1/2 cup (one stick) unsalted butter melted

1 cup white or brown sugar

2 eggs

2 teaspoons vanilla

1 1/2 cups all purpose flour

1 teaspoon baking soda

1/2 teaspoon salt

1/2 cup apple sauce (plain, sugar free, cinnamon, etc.)

3 ripe or overripe bananas (this is a great way to use overripe bananas instead of throwing them out)

1 tablespoon ground cinnamon

Optional- 1/2 cup walnuts, pecans, chocolate chips, etc. dusted in all purpose flour (this ensures that they don’t sink to the bottom of batter)


Preheat oven to 350 degrees Fahrenheit.

In large bowl mix melted butter and sugar using a spoon. Add two eggs and vanilla, Mix until well incorporated.

Pour in flour, baking soda, and salt. Fold* flour mixture into wet egg mixture. Once well incorporated, fold in apple sauce.

In separate bowl peel bananas and mash with potato masher or the back of a spoon. Fold mashed bananas into flour-egg mixture. Lastly, stir in cinnamon and any additional ingredients that you may have on hand.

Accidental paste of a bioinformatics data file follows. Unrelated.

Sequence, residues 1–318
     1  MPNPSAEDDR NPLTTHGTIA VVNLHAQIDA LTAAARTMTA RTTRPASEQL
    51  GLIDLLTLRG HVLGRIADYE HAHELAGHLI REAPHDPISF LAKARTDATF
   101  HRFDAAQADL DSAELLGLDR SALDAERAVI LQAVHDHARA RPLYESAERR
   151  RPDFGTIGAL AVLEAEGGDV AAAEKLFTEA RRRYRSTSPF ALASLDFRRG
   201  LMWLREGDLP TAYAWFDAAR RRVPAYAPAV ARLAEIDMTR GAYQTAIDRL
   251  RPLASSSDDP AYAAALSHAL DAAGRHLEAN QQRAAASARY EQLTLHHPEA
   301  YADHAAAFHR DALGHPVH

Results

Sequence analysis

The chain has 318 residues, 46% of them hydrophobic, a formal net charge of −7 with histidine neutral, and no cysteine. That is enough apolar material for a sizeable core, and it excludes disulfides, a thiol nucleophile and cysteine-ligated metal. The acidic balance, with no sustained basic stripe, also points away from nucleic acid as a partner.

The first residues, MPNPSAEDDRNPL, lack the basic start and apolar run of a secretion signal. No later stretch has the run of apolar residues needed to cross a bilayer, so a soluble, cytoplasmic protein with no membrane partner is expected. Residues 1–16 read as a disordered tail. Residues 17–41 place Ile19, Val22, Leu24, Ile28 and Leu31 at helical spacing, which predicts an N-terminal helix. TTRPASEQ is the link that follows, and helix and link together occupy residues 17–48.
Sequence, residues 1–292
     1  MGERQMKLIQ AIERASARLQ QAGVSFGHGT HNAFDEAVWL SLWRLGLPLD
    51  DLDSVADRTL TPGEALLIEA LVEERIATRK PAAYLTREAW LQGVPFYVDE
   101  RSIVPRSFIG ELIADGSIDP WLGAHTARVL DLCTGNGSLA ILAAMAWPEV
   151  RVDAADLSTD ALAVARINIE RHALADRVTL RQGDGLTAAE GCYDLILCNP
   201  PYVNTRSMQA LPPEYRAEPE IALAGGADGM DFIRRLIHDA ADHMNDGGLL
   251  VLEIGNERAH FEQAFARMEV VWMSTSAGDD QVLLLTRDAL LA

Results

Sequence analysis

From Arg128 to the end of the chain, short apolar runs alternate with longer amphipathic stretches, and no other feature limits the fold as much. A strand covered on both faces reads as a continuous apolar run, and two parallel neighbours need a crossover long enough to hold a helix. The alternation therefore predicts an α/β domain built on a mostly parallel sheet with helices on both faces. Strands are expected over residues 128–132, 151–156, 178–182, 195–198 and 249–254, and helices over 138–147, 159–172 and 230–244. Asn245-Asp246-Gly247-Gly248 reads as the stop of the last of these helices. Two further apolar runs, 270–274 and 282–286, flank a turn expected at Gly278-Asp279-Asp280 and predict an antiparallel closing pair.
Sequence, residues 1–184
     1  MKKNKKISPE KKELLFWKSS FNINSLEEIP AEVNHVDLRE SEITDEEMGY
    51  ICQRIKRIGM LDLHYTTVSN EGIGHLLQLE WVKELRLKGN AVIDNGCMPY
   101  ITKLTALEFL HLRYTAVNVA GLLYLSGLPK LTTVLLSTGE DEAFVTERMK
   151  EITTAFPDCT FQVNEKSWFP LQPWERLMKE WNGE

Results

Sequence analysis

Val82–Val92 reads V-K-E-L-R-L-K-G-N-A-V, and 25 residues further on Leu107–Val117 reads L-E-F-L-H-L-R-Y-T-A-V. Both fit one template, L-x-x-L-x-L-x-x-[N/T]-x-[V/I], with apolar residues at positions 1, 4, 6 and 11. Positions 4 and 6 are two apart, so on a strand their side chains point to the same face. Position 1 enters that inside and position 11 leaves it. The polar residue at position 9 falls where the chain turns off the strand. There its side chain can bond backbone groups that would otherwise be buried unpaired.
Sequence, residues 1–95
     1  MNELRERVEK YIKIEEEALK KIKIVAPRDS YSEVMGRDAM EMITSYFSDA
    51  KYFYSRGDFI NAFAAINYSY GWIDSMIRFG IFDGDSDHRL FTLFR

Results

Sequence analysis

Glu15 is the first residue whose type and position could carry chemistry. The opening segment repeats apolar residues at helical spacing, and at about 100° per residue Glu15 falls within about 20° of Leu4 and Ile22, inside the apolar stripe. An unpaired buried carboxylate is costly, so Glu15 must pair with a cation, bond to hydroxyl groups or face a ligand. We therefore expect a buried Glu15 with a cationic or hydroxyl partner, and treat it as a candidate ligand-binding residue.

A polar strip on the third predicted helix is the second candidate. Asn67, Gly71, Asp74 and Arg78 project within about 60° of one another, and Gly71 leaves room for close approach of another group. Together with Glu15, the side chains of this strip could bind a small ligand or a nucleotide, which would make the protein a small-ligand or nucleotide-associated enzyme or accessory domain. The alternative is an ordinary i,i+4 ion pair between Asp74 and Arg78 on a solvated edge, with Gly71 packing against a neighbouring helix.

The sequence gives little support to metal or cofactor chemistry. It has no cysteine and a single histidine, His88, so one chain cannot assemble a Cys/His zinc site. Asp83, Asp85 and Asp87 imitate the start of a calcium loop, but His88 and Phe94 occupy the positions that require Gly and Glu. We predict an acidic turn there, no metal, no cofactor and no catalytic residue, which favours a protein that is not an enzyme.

Pour into and bake in well oiled (Cooking spray works great) loaf pan or metal 8×8 dish . If you use glass, the cake will brown much faster, which may result in a brown cake that is under-cooked inside.

Bake for 60 minutes or until a inserted knife is clean when removed. Allow to cool. Serve.

* Ingredients are folded in, instead of stirred in, so that batter is not over mixed. An over-mixed batter results in a dense cake. 

Butternut Squash Soup

Butternut squash soup. The perfect first course to your Thanksgiving meal.

Butternut squash soup. The perfect first course for your Thanksgiving meal. The soup tureen is a staple in my kitchen. Great for serving soups and stews directly from the table.